With all that being said, I still think that The World is Not Enough is decent on the whole. Aside from some one-liners and bad attempts at humour (and yes, Christmas Jones), there aren’t many outright bad things about the film. The plot had me intrigued for at least the first half, I liked some of the ideas they had, and I was always entertained in some way. Sophia Macreau as Elektra King was also not only the most interesting character in this movie, but also one of the most interesting characters of the 4 Brosnan movies. While the movie doesn’t utilise the character the best, it’s a good performance and character which definitely elevated the film. While most of the action scenes aren’t as memorable compared to the other 3 movies, they are still generally well filmed and were entertaining. Also I think that this is probably Pierce Brosnan’s best performance as James Bond, if only because he’s given the most emotional material to work with here. I would not call The World is Not Enough one of the best Bond films by any means, but it’s not one of the worst either, there’s still some good stuff here.
The most controversial opinion in this list is that I don’t consider GoldenEye to be Pierce Brosnan’s best Bond film, nor do I consider it one of the all-time best Bond films. For a while I hadn’t been able to pinpoint why but I think I figured it out with my most recent viewing. The plot is simple enough, but I don’t find it to be that great or interesting really, which might be the biggest problem for me. Outside of the action scenes, I don’t find myself very invested with what’s happening with the story or characters. Even GoldenEye seems to suffer from tonal inconsistency, a problem that most of Brosnan’s movies seem to suffer from (more on that later). For context, it was in the awkward phase of moving Bond from the Cold War of the 80s into the 90s. The film tries to have some of the grittiness of the Timothy Dalton Bond films but isn’t grounded enough to do that, and it also tries to be on the more over the top silly side (leaning towards Roger Moore Bond) at points but is too serious to achieve that. Not that it isn’t possible to find a happy medium between the two, but the end result in this film feels a little messy.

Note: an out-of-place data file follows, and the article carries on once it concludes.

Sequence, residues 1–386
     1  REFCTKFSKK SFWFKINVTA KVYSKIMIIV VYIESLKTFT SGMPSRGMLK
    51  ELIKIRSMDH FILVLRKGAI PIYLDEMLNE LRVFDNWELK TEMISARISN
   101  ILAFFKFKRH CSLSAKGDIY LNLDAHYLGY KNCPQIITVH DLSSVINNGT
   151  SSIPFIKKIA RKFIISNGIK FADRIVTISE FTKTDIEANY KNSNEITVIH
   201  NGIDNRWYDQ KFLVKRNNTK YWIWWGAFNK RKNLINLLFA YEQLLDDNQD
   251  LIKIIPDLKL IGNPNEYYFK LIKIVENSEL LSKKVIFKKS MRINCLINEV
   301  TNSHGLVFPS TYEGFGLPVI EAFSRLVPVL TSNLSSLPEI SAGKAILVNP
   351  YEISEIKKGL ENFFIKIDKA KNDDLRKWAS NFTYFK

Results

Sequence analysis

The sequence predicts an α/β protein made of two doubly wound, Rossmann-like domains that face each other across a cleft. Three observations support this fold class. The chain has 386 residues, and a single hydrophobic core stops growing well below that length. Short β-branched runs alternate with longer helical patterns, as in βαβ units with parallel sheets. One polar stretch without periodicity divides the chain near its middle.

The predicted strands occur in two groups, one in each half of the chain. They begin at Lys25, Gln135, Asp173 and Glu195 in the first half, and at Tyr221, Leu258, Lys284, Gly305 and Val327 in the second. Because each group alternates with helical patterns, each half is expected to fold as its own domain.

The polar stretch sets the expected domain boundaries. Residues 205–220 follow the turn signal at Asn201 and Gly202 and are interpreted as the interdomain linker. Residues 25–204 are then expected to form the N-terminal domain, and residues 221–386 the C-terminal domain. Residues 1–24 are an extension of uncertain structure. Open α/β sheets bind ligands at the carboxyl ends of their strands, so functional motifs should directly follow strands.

With all that being said, I do understand a lot of the praise that GoldenEye receives. The biggest strength for me was the direction by Martin Campbell, specifically with the action. From the opening sequence in the 80s, the tank battle, to the third act climax, the action is filmed and put together really well. That’s something that GoldenEye has over the other Brosnan Bond films, all the action is great. The actors are also quite good in their parts, Sean Bean and Famke Janssen make for memorable villains, Judi Dench made her first appearance as M here, and although Pierce Brosnan would have better performances as James Bond, he is solid here. While I don’t consider GoldenEye to be amongst the best Bond films, it is good overall.
1. Tomorrow Never Dies
Tomorrow Never Dies is often regarded as the second best of Pierce Brosnan’s Bond movies, but it’s my favourite of his. I do understand the criticisms for sure. It is very goofy and over the top at times, and it does lose itself in its overblown climax. They also could’ve done much more with its unique central concept with the media, they don’t execute it in the best way. Parts of the direction do feel a little lacklustre, especially after Martin Campbell’s direction of GoldenEye.
With all that being said, I couldn’t help but thoroughly enjoy this movie from beginning to end, despite its faults. One of the biggest praises I have is the tone, rather how consistent it is. Instead of wavering between silly and gritty like GoldenEye, Tomorrow Never Dies leans in with the 90s action cheese and makes for a thoroughly entertaining film. The aforementioned plot concept involving the media is also quite unique, and while the film doesn’t make use of this idea fully, it still makes for a memorable film. Pierce Brosnan had a better showing as Bond compared to GoldenEye, Michelle Yeoh was a scene stealer and overshadows Brosnan at points, and Jonathan Pryce is scene chewingly enjoyable as the villain. The action is overblown but thoroughly entertaining. While there are certainly better movies in the franchise, Tomorrow Never Dies is one of the most entertaining Bond movies for me.
What do you think of Pierce Brosnan’s James Bond? What did you think of his movies?